Musical Chairs in the European Parliament: The unpredictable and opportunistic nature of Beppe Grillo’s was demonstrated in January 2017 by his actions to Five Star’s relations with groupings in the European parliament. Following the 2014 European elections the Five Star MEPs had joined the Europe of Freedom and Direct Democracy (EFDD) group led by Nigel Farage the UKIP leader. On 8 January 2017, however, Beppe Grillo announced that he was holding an on-line poll of Five Star members asking whether the Movement should leave the EFDD and align itself with the pro-European Alliance of Liberals and Democrats in Europe – ALDE. In the on-line poll 78.5% of Five Star members participating voted in favour of the proposal to join the ALDE. On 9 January Beppe Grillo wrote to Nigel Farage stating that the Five Star Movement was leaving the EFDD group. His letter began: Dear Nigel, Our paths have taken a different route.’ Nigel Farage responded by accusing Beppe Grillo of ‘defecting to the Euro-fanatic establishment.’ The fact that the departure of the Five Star Movement’s MEPs would have left the EFDD without sufficient members to form an official group within the European parliament may have been a significant source of anxiety for Nigel Farage. The Five Star Movement’s migration into the ranks of the ALDE soon, however, ran into trouble. Although Guy Verhofstadt, the head of the ALDE, had been sympathetic towards Five Star’s decision to join the group other ALDE members had objected. They stated that Beppe Grillo’s Euro-sceptic views were out of line with their pro-European ethos. Faced with the prospect that the Five Star MEPs might be left unaffiliated to any parliamentary group Beppe Grillo decided that they should instead return to the EFDD. Farcically after several days of manoeuvring by Bepe Grillo the Five Star MEP’s had ended up back where they started.
Five Star Fails to Shine in Local Government: More serious. perhaps for the reputation of Five Star amongst the Italian electorate, however, has been the record and actions of Virginia Raggi, who was elected as mayor of Rome in June 2016. On being elected Virginia Raggi had stated that: ‘We will work to introduce a new alphabet and words such as merit, transparency, legality and solidarity after years of darkness and abandonment.’ Virginia Raggi soon, however, demonstrated that she lacked the political experience and administrative capacity to deal with the running of Rome’s city government. By the end of the summer Raggi was facing increasing complaints both from the public and from within the administration. In September five leading members of te city government resigned complaining about lack of coherence within Raggi’s administration. In December Raffaele Marra, the head of personnel in the city government, was arrested in connection with allegedly corrupt business deals dating back to 2013. In January 2017 Virginia Raggi came under investigation herself for alleged abuse of office in relation to the appointment of Renato Marra, the brother of Raffaele Marra, as head of the city government’s tourism department. In response to the investigation Virginia Raggi stated that: ‘I am very serene and full of confidence in the judiciary, as always.’ It has currently, as of July 2017, yet to be confirmed whether charges will be brought against Raggi. In addition to these legal issues Virginia Raggi also faced major challenges in relation to Rome’s longstanding problems with its infrastructure and public services. In July 2017 Bruno Rota, head of the city’s Atac public transport company, resigned after only three months in that position, complaining about the poorly motivated work force, decaying infrastructure, and lack of resources for investment. At the same time Acea, the city water company threatened amidst an on-going drought, to bring in water rationing. They were only persuaded to back down after pressure was exerted by Virginia Raggi and Beatrice Lorenzin, the Italian Health Minister. Polling conducted in the summer of 2017 amongst residents of the city showed that 70% of those polled gave a negative assessment of Raggi’s record as mayor. These failings of municipal governance in Italy’s capital city made a poor advert for the Five Star Movement in the run-up to the June 2017 local elections.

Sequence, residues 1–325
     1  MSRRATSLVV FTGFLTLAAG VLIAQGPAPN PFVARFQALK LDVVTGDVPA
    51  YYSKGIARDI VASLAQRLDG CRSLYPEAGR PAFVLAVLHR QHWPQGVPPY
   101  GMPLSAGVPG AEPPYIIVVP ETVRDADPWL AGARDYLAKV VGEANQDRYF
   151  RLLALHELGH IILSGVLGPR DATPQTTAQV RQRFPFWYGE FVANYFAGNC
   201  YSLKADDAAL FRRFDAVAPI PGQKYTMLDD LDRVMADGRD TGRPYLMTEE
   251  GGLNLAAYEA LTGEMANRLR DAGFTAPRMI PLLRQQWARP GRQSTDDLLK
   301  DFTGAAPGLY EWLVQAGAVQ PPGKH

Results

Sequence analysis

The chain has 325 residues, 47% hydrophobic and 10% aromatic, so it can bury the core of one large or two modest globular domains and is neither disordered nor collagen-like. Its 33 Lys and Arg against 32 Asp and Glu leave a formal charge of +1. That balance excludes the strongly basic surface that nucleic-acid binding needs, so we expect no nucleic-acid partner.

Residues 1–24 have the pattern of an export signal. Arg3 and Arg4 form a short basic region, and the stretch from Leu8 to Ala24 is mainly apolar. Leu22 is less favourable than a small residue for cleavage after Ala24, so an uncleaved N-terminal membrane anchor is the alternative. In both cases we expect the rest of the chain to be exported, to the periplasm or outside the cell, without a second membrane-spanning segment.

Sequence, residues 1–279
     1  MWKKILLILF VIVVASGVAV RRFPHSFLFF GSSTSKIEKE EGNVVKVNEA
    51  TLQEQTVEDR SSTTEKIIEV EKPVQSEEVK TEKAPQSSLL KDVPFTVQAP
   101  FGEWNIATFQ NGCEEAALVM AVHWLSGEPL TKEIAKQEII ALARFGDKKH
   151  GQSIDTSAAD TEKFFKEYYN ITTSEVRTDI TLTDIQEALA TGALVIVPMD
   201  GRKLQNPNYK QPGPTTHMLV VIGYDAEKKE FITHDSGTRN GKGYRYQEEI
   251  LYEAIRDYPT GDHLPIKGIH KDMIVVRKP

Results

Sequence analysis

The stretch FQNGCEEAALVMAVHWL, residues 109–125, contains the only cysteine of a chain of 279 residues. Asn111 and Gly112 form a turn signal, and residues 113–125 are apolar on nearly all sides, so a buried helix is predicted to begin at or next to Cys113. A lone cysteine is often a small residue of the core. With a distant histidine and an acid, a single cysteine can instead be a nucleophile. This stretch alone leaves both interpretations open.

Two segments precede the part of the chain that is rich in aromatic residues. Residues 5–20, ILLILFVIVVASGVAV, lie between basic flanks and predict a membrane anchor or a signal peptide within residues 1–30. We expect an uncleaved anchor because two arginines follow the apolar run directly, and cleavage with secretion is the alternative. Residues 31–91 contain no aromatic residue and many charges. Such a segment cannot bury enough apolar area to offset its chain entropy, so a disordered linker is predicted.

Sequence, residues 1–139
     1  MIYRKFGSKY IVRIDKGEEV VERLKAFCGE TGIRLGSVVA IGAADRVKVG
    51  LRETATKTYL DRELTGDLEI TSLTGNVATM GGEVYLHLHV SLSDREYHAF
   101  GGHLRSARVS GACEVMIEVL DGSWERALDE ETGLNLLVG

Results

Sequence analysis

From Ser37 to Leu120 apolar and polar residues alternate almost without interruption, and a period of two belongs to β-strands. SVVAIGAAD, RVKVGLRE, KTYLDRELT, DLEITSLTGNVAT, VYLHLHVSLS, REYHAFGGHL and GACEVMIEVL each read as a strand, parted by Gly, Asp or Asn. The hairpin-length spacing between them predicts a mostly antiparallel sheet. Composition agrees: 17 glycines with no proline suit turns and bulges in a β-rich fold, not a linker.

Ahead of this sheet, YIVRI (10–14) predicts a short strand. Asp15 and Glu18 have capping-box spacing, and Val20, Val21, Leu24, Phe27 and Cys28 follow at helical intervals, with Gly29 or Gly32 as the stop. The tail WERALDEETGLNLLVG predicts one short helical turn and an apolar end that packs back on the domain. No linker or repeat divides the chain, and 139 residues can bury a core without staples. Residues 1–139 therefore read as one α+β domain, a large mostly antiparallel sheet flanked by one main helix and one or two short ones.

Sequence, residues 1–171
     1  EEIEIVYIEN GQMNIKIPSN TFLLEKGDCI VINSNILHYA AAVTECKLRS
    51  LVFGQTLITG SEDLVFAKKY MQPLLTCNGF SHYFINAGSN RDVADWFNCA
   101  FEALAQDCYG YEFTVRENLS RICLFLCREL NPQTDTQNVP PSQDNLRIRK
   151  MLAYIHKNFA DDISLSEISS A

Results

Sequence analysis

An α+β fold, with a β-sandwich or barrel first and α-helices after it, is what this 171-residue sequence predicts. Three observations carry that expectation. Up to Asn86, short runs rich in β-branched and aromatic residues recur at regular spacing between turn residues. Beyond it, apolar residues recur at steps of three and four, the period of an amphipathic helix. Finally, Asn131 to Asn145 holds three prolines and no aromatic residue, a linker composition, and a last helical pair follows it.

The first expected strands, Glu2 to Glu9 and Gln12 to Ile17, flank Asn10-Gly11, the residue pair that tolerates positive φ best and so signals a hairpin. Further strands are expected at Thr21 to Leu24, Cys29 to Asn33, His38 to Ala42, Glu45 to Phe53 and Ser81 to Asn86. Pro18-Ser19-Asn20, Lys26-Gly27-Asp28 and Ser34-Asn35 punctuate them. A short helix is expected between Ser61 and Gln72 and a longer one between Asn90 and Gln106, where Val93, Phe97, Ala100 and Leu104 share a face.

Prospects for the Five Star Movement: The Five Star leadership have been keen to emphasise that the June local election results do not represent a ‘crisis’ for their movement. Beppe Grillo has drawn attention to the fact that while expectations may have been higher Five Star did succeed in increasing the number of mayoralties under its control. It is also, and probably more significantly, the case that national opinion polls continue to show the Five Star Movement neck and neck with Renzi’s Democratic Party. Polls conducted since the local elections have shown Five Star and the Democratic Party polling between 25-30%, and regularly changing places as the highest polling party. The right-wing parties, Forza Italia led by Silvio Berlusconi (born 1936) and the Northern League led by Matteo Salvini (born 1973), who did well contesting the local elections in coalition, are both currently recording opinion poll ratings of around 13%. Differences between these parties, in terms of leadership and political/ideological direction, however, make it unlikely that this coalition will be renewed in the forthcoming parliamentary elections. The Five Star Movement’s overall national opinion poll rating does not appear to have been significantly dented either by Beppe Grillo’s erratic leadership or by its on-going problems of governance in Italy’s capital city. The recent statements on immigration by the Five Star leadership may be opportunistic but they also tap into a significant concern amongst the Italian public over the continuing movement of migrants into Italy from North Africa. This may benefit the Five Star Movement electorally in the run-up to the forthcoming parliamentary elections. In the longer term, however, the clear ideological fissures existing within the Five Star Movement may grow in importance. This may particularly be the case if the Five Star Movement comes close to political power on the national level and is compelled to consolidate its currently somewhat incoherent political identity.